Raspberry Pi B with Netgear WNA1100
Raspberry Pi B with Netgear WNA1100


A few minutes later I got the Eon-ticket for Pokemon Alpha Sapphire!
Yay me! 😉

Nintendo Zone/Streetpass

One really cool thing about the Nintendo 3DS is Streetpass. It’s an exchange of game items, avatars and more with other 3DS users playing the same games. Your game console just needs to have wifi turned on and be in sleep mode for the magic to happen. Ideally you pass a lot of other owners and collect lots of goddies that way.

In truth, however, things look a bit different. On my commute as well as at my job, I’m the only 3DS owner. If I were in a rural area, this would be extremely devastating as I had no chance of collecting certain game items. (Hello, Eon-ticket in Pokemon ORAS!)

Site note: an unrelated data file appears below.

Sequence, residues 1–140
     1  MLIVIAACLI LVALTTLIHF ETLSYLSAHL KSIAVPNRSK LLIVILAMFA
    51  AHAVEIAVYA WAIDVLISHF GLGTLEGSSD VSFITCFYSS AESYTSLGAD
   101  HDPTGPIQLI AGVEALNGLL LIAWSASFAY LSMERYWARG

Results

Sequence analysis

Nintendo Zone

Enter the option to use the Nintendo Zone in certain McDonalds fast food joints. But checking those frequently is both not a good choice for your wallet and neither for your health.

Some smart people have found a solution for both problems: Homezone. In short, you create your own Nintendo Zone right at home and welcome Streetpass visitors this way. You can use your computer to do this, or, even better, use a spare Raspberry Pi for it: SpillPass!

In totally unrelated news, I just ordered a second Raspberry Pi.